Stealthy admins and weak passwords continue to plague enterprises

Feb. 15, 2019
Experts anticipate this problem will worsen unless enterprises prioritize password best practices

Imagine a vast army of unsuspecting employees at various companies around the globe, some with a combination of both weak or compromised passwords, and others with excess access privileges (stealthy administrators) that IT is unaware of. In some cases, an employee might have both. As a result, not only would it be relatively easy for malicious actors to steal these employees’ credentials, the attackers could have the keys to the castle since these users are not monitored as closely as most administrative accounts.

Our latest research suggests these vulnerabilities - weak passwords and excess administrative privileges - are all too common at organizations globally. By some estimates, enterprises will invest more than one trillion dollars globally into cybersecurity solutions by 2021. Yet our study of networks’ cybersecurity posture, released in December, finds basic weaknesses such as simple and compromised passwords and stealth admins with excessive privileges are threatening companies globally.

Our research findings are based on Preempt Inspector, a free app we launched to help enterprises analyze their security posture and identify areas of risk. About 600 organizations have downloaded the app, with 100 choosing to anonymously share security stats with us, including a mix of U.S. (64 percent) and European (18 percent) enterprises, including a healthy distribution between small, medium and large organizations.

In the vast majority of networks we analyzed, we found at least one security issue, including:

●    32 percent of networks had some exposed passwords. Approximately 1 in 3 enterprise networks have some passwords exposed in GPP, which any authenticated user can recover. From our experience, these passwords in some cases are applicable and, in many cases, belong to administrative account (domain or local). Given attackers’ abilities to move laterally and escalate privileges within the network, this number is highly concerning.

●     72 percent of networks had at least one stealthy administrator. In most networks we scanned, we discovered at least one user granted special permissions not through a protected AD group. One such known account is the MSOL account used for Azure AD Connect. However, in most cases (61 percent), we found more than just one account with stealthy privileges.  

Perhaps unsurprisingly, our findings included that larger organizations tend to have better security posture: Preempt Inspector cracked about nine percent of passwords in large organizations, versus nearly 17 percent in small organizations. U.S.-based organizations also tended to fare better than the rest of the world on password policy. (For more on our findings, visit here).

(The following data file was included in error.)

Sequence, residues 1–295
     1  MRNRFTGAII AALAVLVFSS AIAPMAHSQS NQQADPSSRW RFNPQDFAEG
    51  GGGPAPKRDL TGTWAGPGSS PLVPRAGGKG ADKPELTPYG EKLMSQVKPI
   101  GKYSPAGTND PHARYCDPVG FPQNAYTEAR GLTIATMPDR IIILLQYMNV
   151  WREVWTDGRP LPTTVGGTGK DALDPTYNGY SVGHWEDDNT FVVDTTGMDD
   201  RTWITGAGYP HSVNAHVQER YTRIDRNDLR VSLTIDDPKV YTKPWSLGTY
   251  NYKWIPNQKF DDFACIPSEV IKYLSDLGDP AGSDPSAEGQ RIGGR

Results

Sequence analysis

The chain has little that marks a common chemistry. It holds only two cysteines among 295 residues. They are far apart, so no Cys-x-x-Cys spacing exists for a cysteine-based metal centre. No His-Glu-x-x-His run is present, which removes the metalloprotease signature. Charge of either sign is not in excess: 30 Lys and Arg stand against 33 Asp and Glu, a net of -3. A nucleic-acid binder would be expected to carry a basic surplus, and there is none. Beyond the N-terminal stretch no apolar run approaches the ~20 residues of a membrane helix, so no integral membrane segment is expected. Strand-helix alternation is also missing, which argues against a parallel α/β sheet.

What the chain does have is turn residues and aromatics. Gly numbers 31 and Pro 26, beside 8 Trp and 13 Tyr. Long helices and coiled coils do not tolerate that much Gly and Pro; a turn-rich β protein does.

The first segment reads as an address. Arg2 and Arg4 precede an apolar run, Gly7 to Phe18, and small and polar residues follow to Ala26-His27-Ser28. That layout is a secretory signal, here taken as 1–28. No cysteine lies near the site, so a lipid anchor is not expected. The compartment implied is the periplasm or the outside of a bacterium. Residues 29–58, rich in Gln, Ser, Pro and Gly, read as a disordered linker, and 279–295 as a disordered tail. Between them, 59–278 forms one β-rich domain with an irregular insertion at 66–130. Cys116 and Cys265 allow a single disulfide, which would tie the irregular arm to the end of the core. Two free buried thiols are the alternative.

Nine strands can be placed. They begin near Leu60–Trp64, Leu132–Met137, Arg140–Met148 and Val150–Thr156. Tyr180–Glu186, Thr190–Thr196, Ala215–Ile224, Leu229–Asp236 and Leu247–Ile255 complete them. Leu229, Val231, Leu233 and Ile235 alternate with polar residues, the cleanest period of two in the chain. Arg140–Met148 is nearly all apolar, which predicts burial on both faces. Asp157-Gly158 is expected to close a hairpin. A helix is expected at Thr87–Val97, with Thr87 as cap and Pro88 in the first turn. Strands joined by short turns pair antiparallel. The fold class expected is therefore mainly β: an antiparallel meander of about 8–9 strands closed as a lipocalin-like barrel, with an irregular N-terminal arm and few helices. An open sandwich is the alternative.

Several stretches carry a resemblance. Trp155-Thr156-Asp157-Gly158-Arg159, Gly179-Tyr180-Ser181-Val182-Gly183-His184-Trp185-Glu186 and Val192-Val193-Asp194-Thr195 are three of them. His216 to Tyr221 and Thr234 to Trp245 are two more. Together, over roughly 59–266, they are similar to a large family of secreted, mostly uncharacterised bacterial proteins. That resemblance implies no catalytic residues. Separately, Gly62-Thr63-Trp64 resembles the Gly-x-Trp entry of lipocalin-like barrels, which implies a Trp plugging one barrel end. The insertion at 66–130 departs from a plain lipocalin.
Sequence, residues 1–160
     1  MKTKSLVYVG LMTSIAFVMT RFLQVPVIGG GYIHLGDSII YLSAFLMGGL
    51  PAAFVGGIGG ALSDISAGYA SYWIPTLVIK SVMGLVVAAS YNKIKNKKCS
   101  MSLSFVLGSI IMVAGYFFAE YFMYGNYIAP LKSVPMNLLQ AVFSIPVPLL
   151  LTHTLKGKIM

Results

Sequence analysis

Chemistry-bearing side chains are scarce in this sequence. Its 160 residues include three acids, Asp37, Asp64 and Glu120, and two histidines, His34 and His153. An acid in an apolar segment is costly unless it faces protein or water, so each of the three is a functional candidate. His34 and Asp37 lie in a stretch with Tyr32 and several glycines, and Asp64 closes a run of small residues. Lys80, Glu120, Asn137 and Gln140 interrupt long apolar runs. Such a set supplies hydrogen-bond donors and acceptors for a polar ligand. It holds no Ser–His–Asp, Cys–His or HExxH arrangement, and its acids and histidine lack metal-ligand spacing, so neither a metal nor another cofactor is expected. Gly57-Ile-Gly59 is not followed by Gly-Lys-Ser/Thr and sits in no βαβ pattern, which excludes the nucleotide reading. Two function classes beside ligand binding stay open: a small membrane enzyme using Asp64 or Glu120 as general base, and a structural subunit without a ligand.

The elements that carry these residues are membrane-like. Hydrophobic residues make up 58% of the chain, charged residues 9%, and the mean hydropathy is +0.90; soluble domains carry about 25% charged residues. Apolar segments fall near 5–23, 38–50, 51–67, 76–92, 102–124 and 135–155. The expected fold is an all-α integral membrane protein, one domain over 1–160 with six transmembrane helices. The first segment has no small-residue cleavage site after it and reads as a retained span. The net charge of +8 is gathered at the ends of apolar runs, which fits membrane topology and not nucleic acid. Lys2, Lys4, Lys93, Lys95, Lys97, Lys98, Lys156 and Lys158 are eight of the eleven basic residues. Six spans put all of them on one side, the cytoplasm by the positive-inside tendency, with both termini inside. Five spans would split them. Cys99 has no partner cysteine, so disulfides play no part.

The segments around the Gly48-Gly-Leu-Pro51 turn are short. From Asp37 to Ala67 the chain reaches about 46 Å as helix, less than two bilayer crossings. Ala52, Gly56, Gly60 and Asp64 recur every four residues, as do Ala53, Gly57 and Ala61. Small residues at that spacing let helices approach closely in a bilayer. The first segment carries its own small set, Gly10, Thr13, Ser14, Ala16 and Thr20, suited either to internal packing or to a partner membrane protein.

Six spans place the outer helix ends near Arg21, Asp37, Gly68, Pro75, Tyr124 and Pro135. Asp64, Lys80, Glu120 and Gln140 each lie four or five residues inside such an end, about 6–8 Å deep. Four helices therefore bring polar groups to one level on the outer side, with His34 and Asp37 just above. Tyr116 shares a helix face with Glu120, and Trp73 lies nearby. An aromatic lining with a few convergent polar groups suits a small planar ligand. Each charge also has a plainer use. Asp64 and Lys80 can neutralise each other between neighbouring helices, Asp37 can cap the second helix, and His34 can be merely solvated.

Addressing Enterprise Risk

How can enterprises address these risk factors? First, you must have visibility into users with administrative privileges. It is critical to know who can access what, and where IT privileges are. If IT is not confident in the whereabouts of those with keys to the castle, organizations should consider conducting an audit as soon as possible.

Second, strong password policy is critical. Preempt researchers graded organizations’ password policies from low, medium and high and found only five percent had a strong password policy, defined as mandated complexity (such as 10 or more characters, and complexity in the form of characters and a mix of lower and upper case). Enterprises must mandate password complexity to avoid cases like the breach of SingHealth, Singapore’s largest health organization. One of the factors behind the breach was a local administrator with the password “P@ssw0rd.” After 1.5 million medical records were stolen, it was revealed the Prime Minister’s health records were among the compromised data.

Finally, organizations must have a real-time adaptive response to accompany the visibility into their networks. Threats are not black and white, and you need more than the binary “allow/block” for suspicious behavior to maintain business operations while minimizing risk. Your network should be able to automatically escalate suspicious behavior and act as needed - such as allowing employees to self-verify via multi-factor authentication and other methods of proving they are who they say they are.

Organizations should take note of the fact that in all likelihood, their networks are at risk from a combination of weak or compromised passwords, poor password policies and hygiene, stealth administrators and/or random users with excessive privileges. Compromised credentials were responsible for 81 percent of hacking-related breaches last year, and we anticipate this problem will worsen unless enterprises prioritize password best practices, as well as visibility and control around privileged users.

About the author: Ajit Sancheti is the CEO and Co-Founder, Board Member of Preempt and has over 20 years of experience in IT security and executive leadership. Previously, he co-founded Mu Dynamics (acquired by Spirent Communications) and held various management roles. Before Mu Dynamics, Ajit was part of the Corporate Development Group at Juniper Networks and an integral member of the team that developed the industry’s first Intrusion Detection and Prevention system at OneSecure (acquired by NetScreen). Prior to OneSecure, he spent seven years at Western Digital, holding various engineering and management positions. Ajit received his M.S. in Engineering from the University of Massachusetts, Amherst, and his MBA from INSEAD, France.